The Diet enacted a new law Wednesday that expands relief to victims of Minamata disease by loosening the redress requirements for one of the worst industrial pollution cases in Japanese history.
The legislation, one of the key bills Prime Minister Taro Aso intended to pass this session, broadens the range of patients entitled to receive government relief for the first time since 1995. The law cleared the Lower House on July 3.
According to the Environment Ministry, the new law will offer relief to roughly 20,000 of the 30,000 patients who have applied, although the exact amount of the funds to be distributed has yet to be decided. The Liberal Democratic Party-New Komeito ruling bloc has suggested ¥1.5 million per patient; the Democratic Party of Japan is seeking ¥3 million.
At a press conference Wednesday, Chief Cabinet Secretary Takeo Kawamura said he was satisfied with the legislation but acknowledged the government needs to listen to opponents of the bill.
“We are glad to be able to fulfill the Diet’s role (in enacting the bill),” Kawamura said. “However, we’ve also heard that certain patient groups are against some portions of the bill. As the government, I believe we need to work with these people and do our utmost so they can reach a full understanding of the object of the bill.”
Minamata disease, a neurological disorder contracted by eating seafood from waters contaminated with mercury-tainted industrial waste discharged into a bay by Chisso Corp., was first recognized by researchers in 1956, when residents of the city of Minamata, Kumamoto Prefecture, began dying.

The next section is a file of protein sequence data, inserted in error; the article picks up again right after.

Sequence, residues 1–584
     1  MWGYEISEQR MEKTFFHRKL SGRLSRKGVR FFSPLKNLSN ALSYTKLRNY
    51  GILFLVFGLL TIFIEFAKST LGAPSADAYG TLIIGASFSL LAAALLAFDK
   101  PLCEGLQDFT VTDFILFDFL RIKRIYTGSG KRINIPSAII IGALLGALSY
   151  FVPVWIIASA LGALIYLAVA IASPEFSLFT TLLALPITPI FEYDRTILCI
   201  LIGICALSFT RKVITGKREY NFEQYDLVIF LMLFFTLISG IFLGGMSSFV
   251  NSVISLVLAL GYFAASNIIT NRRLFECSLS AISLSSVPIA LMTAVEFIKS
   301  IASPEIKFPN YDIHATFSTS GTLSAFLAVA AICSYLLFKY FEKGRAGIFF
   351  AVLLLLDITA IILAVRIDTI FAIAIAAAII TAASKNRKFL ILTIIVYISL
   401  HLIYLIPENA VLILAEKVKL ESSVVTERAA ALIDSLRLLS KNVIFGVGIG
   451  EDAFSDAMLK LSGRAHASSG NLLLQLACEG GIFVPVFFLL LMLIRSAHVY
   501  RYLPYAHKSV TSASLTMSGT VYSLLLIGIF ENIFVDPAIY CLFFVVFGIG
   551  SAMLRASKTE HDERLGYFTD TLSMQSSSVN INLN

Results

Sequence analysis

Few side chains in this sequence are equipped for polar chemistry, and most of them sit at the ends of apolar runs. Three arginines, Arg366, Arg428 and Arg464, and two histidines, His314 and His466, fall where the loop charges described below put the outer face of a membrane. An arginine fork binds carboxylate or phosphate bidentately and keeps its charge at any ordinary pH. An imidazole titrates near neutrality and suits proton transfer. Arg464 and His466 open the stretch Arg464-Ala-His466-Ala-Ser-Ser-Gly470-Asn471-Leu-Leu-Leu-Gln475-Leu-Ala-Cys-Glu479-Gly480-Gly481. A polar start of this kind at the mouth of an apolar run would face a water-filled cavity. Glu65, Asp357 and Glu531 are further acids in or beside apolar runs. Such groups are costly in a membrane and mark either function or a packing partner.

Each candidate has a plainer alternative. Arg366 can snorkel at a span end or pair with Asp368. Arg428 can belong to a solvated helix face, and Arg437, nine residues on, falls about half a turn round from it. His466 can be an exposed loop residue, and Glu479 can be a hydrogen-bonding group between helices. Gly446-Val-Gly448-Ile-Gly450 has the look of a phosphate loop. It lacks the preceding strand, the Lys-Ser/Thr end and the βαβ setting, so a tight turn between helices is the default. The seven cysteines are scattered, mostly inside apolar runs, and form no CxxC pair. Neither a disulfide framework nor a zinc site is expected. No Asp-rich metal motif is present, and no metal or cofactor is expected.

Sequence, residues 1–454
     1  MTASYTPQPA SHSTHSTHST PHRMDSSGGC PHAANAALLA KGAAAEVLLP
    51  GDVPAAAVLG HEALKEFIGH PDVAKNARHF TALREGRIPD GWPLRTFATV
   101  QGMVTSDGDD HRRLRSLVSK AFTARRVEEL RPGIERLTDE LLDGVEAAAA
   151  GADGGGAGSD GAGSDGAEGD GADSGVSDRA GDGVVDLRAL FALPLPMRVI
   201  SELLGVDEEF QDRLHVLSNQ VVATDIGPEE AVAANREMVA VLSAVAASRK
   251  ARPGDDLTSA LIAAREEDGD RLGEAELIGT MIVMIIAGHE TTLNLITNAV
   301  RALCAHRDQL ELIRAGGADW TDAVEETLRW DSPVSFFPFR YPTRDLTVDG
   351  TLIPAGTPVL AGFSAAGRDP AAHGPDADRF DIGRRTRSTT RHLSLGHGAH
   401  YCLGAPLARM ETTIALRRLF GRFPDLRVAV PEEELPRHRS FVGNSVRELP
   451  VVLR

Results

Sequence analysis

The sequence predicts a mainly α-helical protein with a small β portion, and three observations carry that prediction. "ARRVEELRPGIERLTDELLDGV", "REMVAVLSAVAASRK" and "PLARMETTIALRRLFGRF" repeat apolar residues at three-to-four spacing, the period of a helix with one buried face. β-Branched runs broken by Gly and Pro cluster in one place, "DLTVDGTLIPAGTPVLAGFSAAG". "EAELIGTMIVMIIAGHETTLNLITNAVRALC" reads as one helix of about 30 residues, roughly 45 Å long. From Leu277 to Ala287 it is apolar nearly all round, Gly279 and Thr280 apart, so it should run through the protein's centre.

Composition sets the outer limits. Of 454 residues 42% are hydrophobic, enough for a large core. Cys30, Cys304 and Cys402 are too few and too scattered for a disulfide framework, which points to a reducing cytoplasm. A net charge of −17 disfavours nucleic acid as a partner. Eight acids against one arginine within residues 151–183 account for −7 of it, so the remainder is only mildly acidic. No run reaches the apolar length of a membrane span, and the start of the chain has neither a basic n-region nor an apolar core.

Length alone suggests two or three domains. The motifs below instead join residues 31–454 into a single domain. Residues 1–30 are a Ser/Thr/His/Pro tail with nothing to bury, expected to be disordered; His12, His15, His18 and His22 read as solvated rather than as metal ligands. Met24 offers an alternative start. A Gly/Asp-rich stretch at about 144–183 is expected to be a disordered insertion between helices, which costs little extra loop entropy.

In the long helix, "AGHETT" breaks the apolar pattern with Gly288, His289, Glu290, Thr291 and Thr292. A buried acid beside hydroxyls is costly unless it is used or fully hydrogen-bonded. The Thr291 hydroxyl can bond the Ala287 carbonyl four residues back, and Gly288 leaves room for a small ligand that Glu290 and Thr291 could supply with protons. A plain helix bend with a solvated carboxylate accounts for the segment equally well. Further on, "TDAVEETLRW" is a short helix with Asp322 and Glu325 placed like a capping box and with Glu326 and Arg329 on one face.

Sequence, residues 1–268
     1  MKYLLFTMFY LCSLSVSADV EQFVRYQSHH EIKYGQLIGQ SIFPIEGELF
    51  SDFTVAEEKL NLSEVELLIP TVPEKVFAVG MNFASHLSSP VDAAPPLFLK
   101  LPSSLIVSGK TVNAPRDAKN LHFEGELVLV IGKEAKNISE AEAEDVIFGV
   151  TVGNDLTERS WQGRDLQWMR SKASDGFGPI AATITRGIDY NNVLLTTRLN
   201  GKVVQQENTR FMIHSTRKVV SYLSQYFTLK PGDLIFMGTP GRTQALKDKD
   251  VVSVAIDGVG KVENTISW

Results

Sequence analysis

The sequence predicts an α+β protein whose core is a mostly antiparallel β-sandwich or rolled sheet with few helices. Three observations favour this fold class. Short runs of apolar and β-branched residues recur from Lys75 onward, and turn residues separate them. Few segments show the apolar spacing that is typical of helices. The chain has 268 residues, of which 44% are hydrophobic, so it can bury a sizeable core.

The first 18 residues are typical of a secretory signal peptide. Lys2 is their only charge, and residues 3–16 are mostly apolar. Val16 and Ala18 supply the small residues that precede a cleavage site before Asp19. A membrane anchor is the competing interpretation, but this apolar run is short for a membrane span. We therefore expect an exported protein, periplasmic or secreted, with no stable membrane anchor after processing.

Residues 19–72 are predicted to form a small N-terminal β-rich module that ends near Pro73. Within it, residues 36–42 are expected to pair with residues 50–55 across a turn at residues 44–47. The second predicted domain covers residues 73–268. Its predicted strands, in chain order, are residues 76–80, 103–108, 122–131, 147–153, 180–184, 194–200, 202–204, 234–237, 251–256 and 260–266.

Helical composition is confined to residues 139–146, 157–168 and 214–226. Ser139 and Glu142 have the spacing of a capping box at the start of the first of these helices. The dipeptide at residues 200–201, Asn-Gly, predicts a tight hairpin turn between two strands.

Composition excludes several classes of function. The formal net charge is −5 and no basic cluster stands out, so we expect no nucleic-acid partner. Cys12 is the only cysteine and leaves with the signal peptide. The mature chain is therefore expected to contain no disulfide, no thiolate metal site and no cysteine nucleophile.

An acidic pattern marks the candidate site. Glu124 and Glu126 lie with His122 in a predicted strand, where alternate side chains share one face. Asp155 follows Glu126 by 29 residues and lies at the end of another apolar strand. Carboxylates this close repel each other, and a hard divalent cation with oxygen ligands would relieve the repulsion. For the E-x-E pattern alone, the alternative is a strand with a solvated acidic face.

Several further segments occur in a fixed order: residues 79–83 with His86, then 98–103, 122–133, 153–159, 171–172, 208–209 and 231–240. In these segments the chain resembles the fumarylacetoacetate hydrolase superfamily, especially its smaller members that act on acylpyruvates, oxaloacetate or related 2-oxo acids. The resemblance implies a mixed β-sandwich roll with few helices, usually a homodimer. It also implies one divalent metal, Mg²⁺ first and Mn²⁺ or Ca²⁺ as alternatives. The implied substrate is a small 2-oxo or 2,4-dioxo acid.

But the disease, which caused hundreds of deaths and thousands to suffer from crippling disabilities, was not officially recognized by the government until 1968.
The new law expands the scope of recognized disorders to cover those suffering from four types of symptoms, including sensory impairment.
But it will also allow Chisso, which caused the infamous disaster, to split into two entities, a decision that critics say will allow it to dissolve the holding company after completing the compensation payments and put an end to the liability saga.
Hideki Sato, chairman of one of the Minamata disease patient groups that spoke at Wednesday’s press conference, slammed the government’s decision.
“As a Japanese, I’m embarrassed at the mere fact that this law has been passed,” he said. “We will be fighting the case in court.”
Hideo Ikoma, a Minamata disease patient who also attended the press conference, said he felt most of the resentment was being caused by the decision to let Chisso split up.
“I think it’s Chisso’s duty to take responsibility and continue to provide reparations to the victims,” he said.
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